Strengthening health care systems, fighting epidemics, increasing immunisation coverage

Mother with freshly vaccinated child in South Sudan

Mother with freshly vaccinated child in South Sudan

© Gavi/Mike Pflanz

Fighting infectious diseases, improving child and maternal health, and strengthening health care systems are key concerns of the G7. Health is one of the priorities of Germany's G7 Presidency.

Outcomes of the Elmau summit

The Elmau summit document makes prominent mention of every person's right to health. From a development perspective, this is a great achievement.

One important concern of the G7 summit under Germany's Presidency was to draw lessons from the fight against Ebola. Ebola is a disaster for the people and countries affected by it and threatens the development successes that have been achieved in recent years. Now the G7 have made a commitment to actively strengthen health systems and have offered to assist 60 developing countries, because crises such as Ebola are much less severe where there are functioning health systems.

The G7 also want to set up mobile assistance teams and financing mechanisms in order to be better prepared for future cases, in accordance with the German Chancellor's six-point plan (Lessons Learned Initiative). The BMZ, in cooperation with other federal ministries, is making important contributions to emergency measures and has overall responsibility for medium- to long-term recovery and preventive measures on the ground. In addition to the emergency measures, the BMZ has earmarked 205 million euros for a health initiative with our West African partners.

But the G7 commitments for more, and more efficient, research into neglected tropical diseases are also very important for developing countries, as it is their people who are most affected by these diseases.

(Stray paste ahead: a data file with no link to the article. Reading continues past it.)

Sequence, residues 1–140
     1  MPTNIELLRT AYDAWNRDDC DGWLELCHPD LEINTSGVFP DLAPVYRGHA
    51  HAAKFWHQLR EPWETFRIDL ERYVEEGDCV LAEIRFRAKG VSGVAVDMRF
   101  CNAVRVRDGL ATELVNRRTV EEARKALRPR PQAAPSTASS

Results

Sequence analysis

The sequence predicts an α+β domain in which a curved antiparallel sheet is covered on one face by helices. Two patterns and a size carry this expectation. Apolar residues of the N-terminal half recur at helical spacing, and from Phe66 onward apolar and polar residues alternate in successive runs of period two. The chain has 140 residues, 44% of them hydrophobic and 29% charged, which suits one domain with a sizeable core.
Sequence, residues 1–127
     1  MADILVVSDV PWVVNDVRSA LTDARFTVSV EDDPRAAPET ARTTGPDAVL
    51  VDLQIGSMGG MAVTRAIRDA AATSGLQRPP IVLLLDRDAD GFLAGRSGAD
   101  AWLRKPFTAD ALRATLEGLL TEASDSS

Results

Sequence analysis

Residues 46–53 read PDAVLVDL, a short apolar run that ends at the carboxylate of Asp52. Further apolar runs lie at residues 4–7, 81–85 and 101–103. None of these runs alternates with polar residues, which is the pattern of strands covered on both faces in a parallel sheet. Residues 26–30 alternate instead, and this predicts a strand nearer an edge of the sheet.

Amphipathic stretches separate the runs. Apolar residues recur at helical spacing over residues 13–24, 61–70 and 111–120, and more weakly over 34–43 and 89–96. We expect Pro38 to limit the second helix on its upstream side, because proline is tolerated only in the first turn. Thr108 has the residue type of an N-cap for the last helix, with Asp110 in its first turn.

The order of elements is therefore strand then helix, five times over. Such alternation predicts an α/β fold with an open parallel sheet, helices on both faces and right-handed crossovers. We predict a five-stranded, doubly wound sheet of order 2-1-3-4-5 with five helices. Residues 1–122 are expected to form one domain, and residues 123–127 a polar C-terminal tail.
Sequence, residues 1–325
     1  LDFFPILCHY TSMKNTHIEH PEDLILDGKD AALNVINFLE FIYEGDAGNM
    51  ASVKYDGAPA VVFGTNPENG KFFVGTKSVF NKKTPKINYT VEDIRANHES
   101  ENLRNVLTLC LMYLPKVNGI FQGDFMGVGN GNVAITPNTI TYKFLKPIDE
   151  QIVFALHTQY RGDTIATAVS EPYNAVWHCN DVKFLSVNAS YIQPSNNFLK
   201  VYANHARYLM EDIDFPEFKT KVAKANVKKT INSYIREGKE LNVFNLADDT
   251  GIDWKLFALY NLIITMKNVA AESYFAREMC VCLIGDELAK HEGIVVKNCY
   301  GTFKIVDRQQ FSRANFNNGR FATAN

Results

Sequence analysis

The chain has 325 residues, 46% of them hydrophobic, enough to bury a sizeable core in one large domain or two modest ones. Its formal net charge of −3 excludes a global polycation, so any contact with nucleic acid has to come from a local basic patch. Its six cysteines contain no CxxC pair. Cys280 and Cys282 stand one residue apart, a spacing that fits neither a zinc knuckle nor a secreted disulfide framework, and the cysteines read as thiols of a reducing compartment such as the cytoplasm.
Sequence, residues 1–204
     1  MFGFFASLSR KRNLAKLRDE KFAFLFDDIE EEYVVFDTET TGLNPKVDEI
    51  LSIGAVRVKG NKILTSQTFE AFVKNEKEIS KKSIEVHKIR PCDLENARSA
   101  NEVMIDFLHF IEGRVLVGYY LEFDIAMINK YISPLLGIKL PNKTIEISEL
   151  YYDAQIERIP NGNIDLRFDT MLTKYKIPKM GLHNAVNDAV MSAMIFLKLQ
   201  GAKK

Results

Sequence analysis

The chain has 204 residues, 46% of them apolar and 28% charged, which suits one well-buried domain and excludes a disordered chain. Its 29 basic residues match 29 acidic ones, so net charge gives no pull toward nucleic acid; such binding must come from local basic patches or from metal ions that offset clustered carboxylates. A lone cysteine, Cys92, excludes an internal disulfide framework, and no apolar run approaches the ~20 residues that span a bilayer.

Replenishment of Gavi, the Vaccine Alliance in January

One major step was that the BMZ succeeded in making sure that Germany would host the replenishment conference for Gavi, the Vaccine Alliance, in January, at the beginning of its G7 Presidency. This was a major success and an important G7 contribution to child health. Pledges at the conference actually exceeded the envisaged replenishment target of 7.5 billion US dollars. Over the next few years, more than 300 million children worldwide can be immunised thanks to these pledges. We want to ensure that, by 2030, no more children will die from preventable diseases. The G7 are thus sending an important signal that those Millennium Development Goals that have not yet been achieved, such as reducing maternal and child mortality, will continue to be pursued with great vigour after 2015.

Gavi is an alliance of the governments of donor and developing countries, private enterprises, international organisations, foundations and civil society. The BMZ hosted the conference; Chancellor Merkel was its patron.

Immunisation saves lives. It is one of the most effective ways of preventing infectious diseases. To date, Gavi programmes have led to more than 500 million children being immunised and thus protected against life-threatening diseases. The German government has scaled up its contribution to Gavi significantly, to a total of 600 million euros for the period up to 2020.

German activities in the health sector

German development cooperation in the field of health focuses on strengthening national health systems on a sustainable basis, and on the human right to health. The Ebola crisis is a painful reminder that, in countries with well-functioning health care systems, diseases can be quickly stopped in their tracks and immunisation programmes more easily organised. That is why the German Development Minister, Gerd Müller, hosted a conference on strengthening health care systems on the day before the actual Gavi replenishment conference.

We must help the poorest developing countries to expand and strengthen their health care systems so that they too can meet relevant health targets. Our goal is to ensure good health care for all.

from the Charter for the Future "ONE WORLD – Our Responsibility"